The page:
Cristina et al. [9] suggested a compact 3D map building for a miscellaneous navigation application of mobile robot in real time performed through the use of the GPS and 3D laser scanner. A 3D laser scanner senses the environment surface with sufficient accuracy to obtain a map, which is processed to get a qualitative description of the traversable environment cell. The 3D local map is built using 2D Voronoi diagram model, while the third dimension is determined through the data from laser scanner for the terrain reversibility. The previous map is gathered with the GPS information to build a global map. This system is able to detect the slopes of navigated surfaces using Brezets algorithm and the roughness of the terrain using normal vector deviation for the whole region. Although the proposed algorithm is very complicated, the result shows that it is able to extract an area as big as 40 × 20 m in an outdoor environment for 0.89 s.


2. Platform overview

A new platform for an autonomous wheeled mobile robot navigation system has been designed and developed in our labs. It is comprised of the following parts as shown in Figure 1:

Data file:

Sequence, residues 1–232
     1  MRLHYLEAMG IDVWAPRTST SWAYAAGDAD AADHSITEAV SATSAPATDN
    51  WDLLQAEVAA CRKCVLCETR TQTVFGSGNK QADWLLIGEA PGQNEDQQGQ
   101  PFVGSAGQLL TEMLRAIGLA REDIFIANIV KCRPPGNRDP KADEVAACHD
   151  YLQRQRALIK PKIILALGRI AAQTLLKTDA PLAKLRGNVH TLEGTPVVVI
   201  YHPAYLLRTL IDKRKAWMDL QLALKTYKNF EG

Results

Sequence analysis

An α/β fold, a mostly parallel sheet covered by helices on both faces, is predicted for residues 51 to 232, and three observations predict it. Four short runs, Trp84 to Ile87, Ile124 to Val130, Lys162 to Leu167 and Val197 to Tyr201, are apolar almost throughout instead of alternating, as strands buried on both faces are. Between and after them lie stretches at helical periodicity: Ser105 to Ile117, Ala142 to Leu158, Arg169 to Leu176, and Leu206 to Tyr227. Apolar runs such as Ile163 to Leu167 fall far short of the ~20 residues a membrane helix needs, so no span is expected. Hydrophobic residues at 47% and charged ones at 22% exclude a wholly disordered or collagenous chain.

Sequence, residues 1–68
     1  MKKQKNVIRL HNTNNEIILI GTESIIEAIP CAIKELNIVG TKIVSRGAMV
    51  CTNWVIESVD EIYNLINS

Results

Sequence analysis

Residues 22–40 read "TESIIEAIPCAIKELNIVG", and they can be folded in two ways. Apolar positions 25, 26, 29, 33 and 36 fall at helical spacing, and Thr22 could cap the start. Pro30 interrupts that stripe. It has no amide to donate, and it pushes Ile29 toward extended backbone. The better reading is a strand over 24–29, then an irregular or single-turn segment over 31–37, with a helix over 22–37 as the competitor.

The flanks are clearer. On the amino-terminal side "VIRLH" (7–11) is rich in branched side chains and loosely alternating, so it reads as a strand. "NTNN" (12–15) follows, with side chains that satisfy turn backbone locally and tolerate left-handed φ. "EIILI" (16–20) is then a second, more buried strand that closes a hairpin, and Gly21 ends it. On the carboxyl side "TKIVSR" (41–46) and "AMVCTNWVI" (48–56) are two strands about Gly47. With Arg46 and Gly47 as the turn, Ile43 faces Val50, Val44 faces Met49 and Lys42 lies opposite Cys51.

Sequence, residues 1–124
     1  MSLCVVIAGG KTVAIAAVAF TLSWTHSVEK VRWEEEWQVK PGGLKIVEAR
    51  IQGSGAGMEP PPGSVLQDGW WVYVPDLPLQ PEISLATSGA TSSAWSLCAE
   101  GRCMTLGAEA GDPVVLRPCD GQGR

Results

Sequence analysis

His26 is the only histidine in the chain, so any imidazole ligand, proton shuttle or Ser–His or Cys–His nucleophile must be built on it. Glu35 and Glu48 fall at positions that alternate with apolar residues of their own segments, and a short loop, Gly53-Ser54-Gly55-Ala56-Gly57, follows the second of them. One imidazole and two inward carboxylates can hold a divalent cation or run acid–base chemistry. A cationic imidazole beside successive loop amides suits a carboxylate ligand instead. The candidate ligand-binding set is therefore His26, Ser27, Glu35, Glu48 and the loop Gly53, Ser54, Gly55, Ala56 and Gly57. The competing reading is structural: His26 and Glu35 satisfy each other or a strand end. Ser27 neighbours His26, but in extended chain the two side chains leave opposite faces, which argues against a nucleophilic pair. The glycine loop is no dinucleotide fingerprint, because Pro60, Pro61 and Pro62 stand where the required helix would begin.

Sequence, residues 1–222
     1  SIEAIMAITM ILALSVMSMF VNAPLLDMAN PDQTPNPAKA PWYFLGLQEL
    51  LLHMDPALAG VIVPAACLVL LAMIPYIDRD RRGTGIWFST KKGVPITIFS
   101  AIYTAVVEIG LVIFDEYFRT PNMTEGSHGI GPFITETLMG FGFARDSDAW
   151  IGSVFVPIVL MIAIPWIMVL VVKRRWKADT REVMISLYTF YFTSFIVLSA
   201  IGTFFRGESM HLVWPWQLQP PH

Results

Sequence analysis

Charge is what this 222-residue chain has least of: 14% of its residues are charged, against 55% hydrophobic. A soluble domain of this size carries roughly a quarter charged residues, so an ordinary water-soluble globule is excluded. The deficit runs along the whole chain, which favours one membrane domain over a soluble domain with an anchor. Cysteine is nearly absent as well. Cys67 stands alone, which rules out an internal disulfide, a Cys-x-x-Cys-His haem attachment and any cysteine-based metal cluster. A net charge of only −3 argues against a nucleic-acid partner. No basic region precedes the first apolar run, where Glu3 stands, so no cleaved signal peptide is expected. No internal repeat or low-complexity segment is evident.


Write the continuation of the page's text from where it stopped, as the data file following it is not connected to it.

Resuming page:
• Two motors, type: DC-brush with power 120 W and model DKM.

  • One spherical Castor wheel.

  • 4 m range LRF; model HOKUYO URG-04LX-UG01.

  • High resolution WiFi camera, model JVC-GC-XA1B.

  • Two optical rotary odometry; model, B106.

  • Motors drivers, types SmartDrive 40.

  • Five cards for the interface free-based controllers system (IFC): interface power, abbreviated as IFC-IP00; interface computer, abbreviated as IFC-IC00; interface brushless, abbreviated as IFC-BL02; and interface brush motors, abbreviated as IFCBH02.

  • The platform has an additional part such as battery with model NP7-12 lead acid and the aluminum profile and sheet-based chassis as shown in Figure 1.

Figure 1.

The developed platform used for experiments.


3. Sensor modeling and feature extraction

The data coming from each sensor in the platform were prepared in such a way that it enables for the extraction of the road features autonomously while navigating on the road. It is described in the following section.

3.1. Camera

JVC-GC-XA1B camera is utilized to figure out the environments in front of the robot with good resolution (760 × 320) and speed equal to 30 frame/s. The sequences of pictures are extracted from the live video using image processing tool boxes in MATLAB. An algorithm has been developed that can take the image sequences from the video and apply multiple operations to get a local map from the image and perform further calculation for road following and roundabout detection. In general, the image sequences processing algorithm consists of three main parts: